B&W film speed for artificial lightings/ tungsten?

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kl122002

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I remember when I was learning photography in old days, especially in B&W , I was told under different lighting condition (daylight vs tungsten) has different Exposure Index like Ilford FP4 has EI125 for daylight while and 80 for Tungsten. But now I can't find any.

Today the one that still showing 2 film speed on the box is only Ilford Orho , 80 for daylight and 40 for tungsten.
Have we changed the manufacturing process which we could now ignore the lighting condition for film speed?
 

koraks

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Have we changed the manufacturing process which we could now ignore the lighting condition for film speed?

No. But it's still dependent on the spectral sensitivity of the film and the nature of the artificial lighting. There's variation in both, and this variation has increased quite spectacularly in the latter. However, the principle still applies as much as it ever did. You could work out the details using the datasheet of the film used and the spectral distribution of the artificial light - or just use a healthy safety margin when making the exposures and call it good :smile:
 

Mr Bill

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Hi, without giving this much serious consideration, I'd be inclined to guess that it's more likely to have been an exposure meter consideration.

If you have any of those older film data sheets I'd guess that they are just saying to set the exposure meter to such-and-such (lower) exposure index for tungsten lighting. Which roughly means that a "normal" metered exposure is fine for "daylight," but would tend to cause underexposure under tungsten light. So, to correct for this they recommend setting the meter to some lower "film "speed."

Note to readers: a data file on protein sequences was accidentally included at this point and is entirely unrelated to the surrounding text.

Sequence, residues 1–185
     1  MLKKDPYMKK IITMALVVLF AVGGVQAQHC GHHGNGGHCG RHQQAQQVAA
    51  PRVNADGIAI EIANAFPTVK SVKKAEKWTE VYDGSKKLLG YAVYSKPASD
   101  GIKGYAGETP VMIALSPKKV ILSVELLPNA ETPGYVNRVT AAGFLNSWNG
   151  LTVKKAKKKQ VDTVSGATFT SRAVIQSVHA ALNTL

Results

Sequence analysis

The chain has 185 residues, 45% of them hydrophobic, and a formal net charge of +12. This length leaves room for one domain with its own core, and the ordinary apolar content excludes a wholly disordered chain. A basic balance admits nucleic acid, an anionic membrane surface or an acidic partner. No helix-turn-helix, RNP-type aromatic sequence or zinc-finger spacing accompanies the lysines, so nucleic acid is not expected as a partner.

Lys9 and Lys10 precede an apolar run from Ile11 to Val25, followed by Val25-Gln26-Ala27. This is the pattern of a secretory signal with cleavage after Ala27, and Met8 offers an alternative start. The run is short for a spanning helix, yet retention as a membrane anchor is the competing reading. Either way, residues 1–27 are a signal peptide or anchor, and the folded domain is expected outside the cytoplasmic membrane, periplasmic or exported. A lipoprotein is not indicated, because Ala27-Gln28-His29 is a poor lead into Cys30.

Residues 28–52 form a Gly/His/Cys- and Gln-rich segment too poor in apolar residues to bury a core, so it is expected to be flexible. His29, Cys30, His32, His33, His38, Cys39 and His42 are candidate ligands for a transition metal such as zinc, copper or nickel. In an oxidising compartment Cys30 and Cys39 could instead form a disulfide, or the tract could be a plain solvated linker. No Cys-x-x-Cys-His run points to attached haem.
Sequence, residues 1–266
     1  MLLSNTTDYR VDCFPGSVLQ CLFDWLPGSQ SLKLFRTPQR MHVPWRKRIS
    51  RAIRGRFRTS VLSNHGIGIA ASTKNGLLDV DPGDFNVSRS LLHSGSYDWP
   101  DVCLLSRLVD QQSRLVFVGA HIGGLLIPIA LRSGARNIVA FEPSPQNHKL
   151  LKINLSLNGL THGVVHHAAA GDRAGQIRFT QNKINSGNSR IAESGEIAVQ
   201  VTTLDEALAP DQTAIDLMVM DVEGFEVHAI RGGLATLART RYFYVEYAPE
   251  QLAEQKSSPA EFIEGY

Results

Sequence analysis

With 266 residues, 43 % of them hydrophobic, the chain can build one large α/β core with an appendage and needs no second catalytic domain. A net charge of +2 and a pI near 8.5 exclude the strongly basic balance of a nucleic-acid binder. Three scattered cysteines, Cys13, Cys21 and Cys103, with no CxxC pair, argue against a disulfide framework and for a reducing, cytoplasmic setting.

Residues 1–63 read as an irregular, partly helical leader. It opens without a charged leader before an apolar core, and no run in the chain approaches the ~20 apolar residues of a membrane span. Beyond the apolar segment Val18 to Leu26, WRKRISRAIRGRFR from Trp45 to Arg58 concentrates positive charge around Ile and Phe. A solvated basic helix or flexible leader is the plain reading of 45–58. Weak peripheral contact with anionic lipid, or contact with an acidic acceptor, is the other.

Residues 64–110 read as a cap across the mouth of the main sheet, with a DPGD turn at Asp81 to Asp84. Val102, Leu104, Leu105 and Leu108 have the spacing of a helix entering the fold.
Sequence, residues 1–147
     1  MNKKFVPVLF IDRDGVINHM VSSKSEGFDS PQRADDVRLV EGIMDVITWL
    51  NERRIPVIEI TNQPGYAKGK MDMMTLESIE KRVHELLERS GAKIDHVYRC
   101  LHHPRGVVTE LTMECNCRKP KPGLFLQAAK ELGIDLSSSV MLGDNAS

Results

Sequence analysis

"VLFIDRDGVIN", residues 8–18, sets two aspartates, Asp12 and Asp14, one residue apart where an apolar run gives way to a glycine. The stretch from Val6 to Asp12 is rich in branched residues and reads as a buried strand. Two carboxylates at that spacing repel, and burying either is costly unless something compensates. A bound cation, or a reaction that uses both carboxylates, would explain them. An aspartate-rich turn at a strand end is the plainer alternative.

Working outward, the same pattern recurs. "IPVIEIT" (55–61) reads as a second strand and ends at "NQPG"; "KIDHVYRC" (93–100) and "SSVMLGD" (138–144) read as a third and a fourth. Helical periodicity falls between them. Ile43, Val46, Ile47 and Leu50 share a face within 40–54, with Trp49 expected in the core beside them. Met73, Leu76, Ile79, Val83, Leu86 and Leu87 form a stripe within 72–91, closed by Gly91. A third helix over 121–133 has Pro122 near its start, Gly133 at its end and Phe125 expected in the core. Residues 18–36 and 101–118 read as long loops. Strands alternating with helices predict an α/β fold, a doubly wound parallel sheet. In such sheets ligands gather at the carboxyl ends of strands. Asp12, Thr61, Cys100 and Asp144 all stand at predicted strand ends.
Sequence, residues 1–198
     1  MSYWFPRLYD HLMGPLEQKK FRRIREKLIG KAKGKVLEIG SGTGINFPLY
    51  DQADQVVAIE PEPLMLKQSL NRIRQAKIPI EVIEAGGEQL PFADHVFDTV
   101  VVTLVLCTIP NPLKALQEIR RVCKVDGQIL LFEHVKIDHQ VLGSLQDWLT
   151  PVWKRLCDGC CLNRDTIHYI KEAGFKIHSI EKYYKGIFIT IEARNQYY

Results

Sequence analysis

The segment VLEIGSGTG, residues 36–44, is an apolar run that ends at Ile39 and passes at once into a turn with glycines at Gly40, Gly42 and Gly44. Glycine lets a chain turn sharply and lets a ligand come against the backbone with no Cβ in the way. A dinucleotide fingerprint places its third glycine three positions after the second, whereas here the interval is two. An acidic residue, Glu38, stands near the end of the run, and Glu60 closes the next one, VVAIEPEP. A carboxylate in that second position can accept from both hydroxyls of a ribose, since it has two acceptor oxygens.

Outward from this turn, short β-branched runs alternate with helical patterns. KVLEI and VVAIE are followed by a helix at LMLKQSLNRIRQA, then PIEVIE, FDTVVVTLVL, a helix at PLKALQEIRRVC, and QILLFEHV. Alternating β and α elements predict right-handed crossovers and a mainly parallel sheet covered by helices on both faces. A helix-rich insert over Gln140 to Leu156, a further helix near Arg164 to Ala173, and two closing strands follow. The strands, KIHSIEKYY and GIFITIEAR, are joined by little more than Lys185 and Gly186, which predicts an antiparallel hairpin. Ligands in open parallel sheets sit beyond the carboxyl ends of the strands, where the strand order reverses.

I'm guessing that modern exposure meters have a spectral response more similar to a (panchro) film, and thus changes to the meter's "film speed" are no longer needed. But... in the case where the meter's spectral response is different from that of the film (ie your case of Ilford "ortho" film) then some adjustment to the meter setting is still called for.
 
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It's pretty much the spectral sensitivity of the photo cell in the exposure meter and what color temperature to which it was calibrated. Stimson, Allen, An Interpretation of Current Exposure Meter Technology, Photographic Science and Engineering, Vol 6, No 1, Jan-Feb 1962.

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You can find more papers at http://beefalobill.com/benskin/content.
 

Ian Grant

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The Tungsten light speeds were given because it was once very common to use Tungsten "Photoflood" studio lighting. Studio flash largely killed off tungsten lighting, and these days people used Daylight balanced LED.

If shooting in warm balances modern LED lighting you still need to adust the film speed.

Ian
 

BrianShaw

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For panchromatic film the difference is about 1/3 to 1/2 stop.
 
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